Let's start with what we know: The 2011-12 edition of the New York Knicks was the best team the franchise has put on the floor in 12 years. You can argue that a fact like that doesn't say a whole hell of a lot, given the dilapidated decade the Knicks turned in to kick off the 21st century, but that doesn't mean it ain't true.
This year's 36-30 record, .545 winning percentage and 101 defensive rating (which estimates how many points you allow per 100 possessions) were not only better than last year's model, but also better than anything the Knicks have managed since the 2000-01 season, Jeff Van Gundy's last full year of stalking Madison Square Garden's sidelines. They had the league's fifth-most-efficient defense, thanks to Defensive Player of the Year Tyson Chandler, its seventh-best point differential and the NBA's eighth-best expected win total based on Pythagorean winning percentage (basically, a measurement of how well you scored versus how well you defended, intended to show how lucky or unlucky you got in the final analysis).
This team — this often-maddening, at-times thrilling, ceaselessly rambling wreck of a seventh seed — was not half-bad.
The problem, of course, is that "better than before" and "not half-bad" don't equate to championship contention, a fact that has and will continue to depress the many, many Knicks fans still stinging from a second straight first-round exit at the hands of a better team with better stars.
On some level, that's OK; it's understandable that fans want to see their squad compete for championships after suffering through such a disastrous spell and watching the team bring in marquee names expected to do big things. But on another level, it's just not realistic, given the construction of New York's roster, the state of the conference and the assets at the Knicks' disposal going forward. Next year's team might be better than this year's, but Knicks fans heading into the offseason expecting a tectonic shift in the team's complexion and prospects will likely be sorely disappointed.
Despite what I thought heading into the season, this year's Knicks did not contend for a top-four playoff spot in the Eastern Conference. To be sure, injuries played a role; nine players, including stars Carmelo Anthony and Amar'e Stoudemire and surprising short-term savior Jeremy Lin, missed a total of 144 regular-season games due to injury or illness, the second-highest total among playoff teams, according to one analysis.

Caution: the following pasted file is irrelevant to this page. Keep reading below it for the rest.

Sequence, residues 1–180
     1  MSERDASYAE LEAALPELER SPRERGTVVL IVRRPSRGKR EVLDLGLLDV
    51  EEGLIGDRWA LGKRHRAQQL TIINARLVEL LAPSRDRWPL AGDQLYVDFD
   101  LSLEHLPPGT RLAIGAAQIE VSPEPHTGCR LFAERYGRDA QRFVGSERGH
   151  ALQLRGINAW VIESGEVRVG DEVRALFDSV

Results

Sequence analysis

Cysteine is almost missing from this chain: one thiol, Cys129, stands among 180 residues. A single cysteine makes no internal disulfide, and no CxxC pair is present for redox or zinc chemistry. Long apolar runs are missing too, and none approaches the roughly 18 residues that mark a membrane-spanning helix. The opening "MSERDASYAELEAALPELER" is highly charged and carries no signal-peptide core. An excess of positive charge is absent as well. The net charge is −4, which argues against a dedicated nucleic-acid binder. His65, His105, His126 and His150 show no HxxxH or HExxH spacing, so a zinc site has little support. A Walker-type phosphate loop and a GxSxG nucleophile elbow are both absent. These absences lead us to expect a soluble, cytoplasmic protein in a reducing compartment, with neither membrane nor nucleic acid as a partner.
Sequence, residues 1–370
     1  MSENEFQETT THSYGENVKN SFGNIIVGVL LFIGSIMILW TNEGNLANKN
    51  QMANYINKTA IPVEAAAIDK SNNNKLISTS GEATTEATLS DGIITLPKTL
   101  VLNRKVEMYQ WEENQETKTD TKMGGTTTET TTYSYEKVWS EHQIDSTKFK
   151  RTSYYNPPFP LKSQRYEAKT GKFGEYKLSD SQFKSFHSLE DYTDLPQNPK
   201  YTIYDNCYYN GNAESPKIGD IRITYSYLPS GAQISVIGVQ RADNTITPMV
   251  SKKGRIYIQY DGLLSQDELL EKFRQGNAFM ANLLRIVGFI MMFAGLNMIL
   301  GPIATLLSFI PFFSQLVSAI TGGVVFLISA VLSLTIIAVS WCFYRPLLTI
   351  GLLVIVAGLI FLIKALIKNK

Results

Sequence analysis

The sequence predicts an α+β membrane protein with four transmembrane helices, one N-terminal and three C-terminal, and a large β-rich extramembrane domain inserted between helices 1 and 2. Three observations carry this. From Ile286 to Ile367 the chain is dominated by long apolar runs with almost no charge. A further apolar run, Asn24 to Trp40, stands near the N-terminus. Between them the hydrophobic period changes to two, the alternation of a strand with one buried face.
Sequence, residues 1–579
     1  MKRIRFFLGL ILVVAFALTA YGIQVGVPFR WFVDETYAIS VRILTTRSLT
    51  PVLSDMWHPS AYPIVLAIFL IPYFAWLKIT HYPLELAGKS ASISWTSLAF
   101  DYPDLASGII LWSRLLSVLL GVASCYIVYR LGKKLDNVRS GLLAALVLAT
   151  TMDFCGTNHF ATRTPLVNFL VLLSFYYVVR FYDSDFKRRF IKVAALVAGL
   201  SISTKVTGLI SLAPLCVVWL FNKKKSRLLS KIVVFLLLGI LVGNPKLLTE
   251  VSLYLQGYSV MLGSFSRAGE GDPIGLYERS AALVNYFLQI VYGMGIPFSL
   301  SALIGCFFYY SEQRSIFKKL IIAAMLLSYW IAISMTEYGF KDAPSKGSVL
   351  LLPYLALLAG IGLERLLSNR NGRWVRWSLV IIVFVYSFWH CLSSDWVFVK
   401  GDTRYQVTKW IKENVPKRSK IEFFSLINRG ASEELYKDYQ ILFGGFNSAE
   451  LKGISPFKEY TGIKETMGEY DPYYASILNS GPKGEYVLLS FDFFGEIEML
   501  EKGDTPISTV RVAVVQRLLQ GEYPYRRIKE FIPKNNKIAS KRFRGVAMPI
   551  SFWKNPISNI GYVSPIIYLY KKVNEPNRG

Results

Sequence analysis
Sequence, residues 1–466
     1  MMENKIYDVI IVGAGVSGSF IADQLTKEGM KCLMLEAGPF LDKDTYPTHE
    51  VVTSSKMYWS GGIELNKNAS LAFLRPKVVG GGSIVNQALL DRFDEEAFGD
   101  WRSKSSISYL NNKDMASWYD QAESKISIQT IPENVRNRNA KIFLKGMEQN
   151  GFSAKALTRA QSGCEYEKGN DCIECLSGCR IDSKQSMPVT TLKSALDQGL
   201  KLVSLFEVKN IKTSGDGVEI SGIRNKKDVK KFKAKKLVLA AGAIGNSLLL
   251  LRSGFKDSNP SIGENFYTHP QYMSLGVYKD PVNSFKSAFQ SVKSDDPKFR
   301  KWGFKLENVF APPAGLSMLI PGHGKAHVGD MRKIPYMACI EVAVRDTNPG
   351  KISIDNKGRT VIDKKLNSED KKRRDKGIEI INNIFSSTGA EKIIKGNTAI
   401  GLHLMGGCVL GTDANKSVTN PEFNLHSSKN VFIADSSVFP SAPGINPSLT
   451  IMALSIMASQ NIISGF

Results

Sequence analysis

So did the internal struggle over the direction of the team between Anthony and coach Mike D'Antoni, a rolling beneath-the-surface boil that manifested itself frequently in stagnant offense, lackadaisical effort and subpar results from Jump Street as the Knicks stumbled to an 8-15 start before Lin's emergence in D'Antoni's spread pick-and-roll (while Anthony nursed an injured groin, natch) brought the team back to life for two magical weeks in mid-February.
The clash between coach and star escalated after Anthony's return, as the team went 1-6 following the All-Star break, resulting in D'Antoni's resignation and the elevation of assistant Mike Woodson to the role of interim head coach. The isolation-loving former Atlanta Hawks coach handed the team's reins back to Anthony, leading to 'Melo's finest run of form since coming to New York and a renewed (or, really, just new) commitment on the defensive end that helped the Knicks end the season on an 18-6 run and grab the No. 7 seed.
That "interim" tag could disappear in fairly short order; the Knicks are expected to reward Woodson for his finish, and for winning the franchise's first playoff game since 2001, with a contract extension. This, to me, seems unnecessary and premature.
While respected for his work in bringing the Hawks to the middle of the East's pack after years as an NBA laughingstock, Woodson has no top-level work on his resume, and often looked badly overmatched against Erik Spoelstra's Heat. Woodson went a full five games without devising a plan to effectively counter Miami's strategy of fronting Anthony in the post, figuring out how to generate favorable offensive opportunities for Stoudemire or putting a leash on shot-happy sub J.R. Smith.
Beyond that, depending on how the next few weeks shake out, there could be top-tier coaching talent on the open market — including Rick Carlisle (who did quite well for himself with Chandler and a ball-dominating iso threat named Dirk in Dallas) and Stan Van Gundy (all but certainly out of Orlando, though he'd be very unlikely to sign up to work for Jim Dolan, considering the horror stories he's surely heard from his brother) — at whom the Knicks could take a run. That said, Woodson's got co-signs from 'Melo and Amar'e, he ended the season well, he won that pesky playoff game and he's already here, so re-signing him seems like the most likely and safest scenario.
(A new paragraph, to make a point: I do not believe that Phil Jackson will be the head coach of the New York Knicks next year. It might be the smartest move the Knicks could make; he might be the best coach the Knicks could theoretically hire; he's certainly the most qualified prospective candidate for the position. But it's not going to happen.)
After the Knicks' Game 5 elimination on Wednesday night, Anthony told reporters he felt New York is a top-three or top-four team in the East going forward. He's got a chance to be right, though, to be honest, that's not really due to anything the Knicks are doing.
While you can probably pencil the Heat, a Chicago Bulls team with a healthy Derrick Rose, and a solid, still-developing Indiana Pacers side with talent and the flexibility to import more into the top three slots, the East's next tier could be ripe for a shakeup, with the Big Three-era Boston Celtics about to undergo renovations, the Dwight Howard-SVG Orlando Magic all over but the shoutin' and the Hawks making noise about moving stud power forward Josh Smith. Shoot, somebody has to finish fourth; might as well be the Knicks.
The real issue, of course, is getting beyond that second level and into position to legitimately contend for a title. And as it stands now — and as it's stood for the lion's share of the last dozen years, save the couple where Donnie Walsh chopped, slashed, clipped and saved to restore fiscal and roster sanity in the Garden — the problem the Knicks face is flexibility. They just don't have much, thanks to the mint they're paying their front line.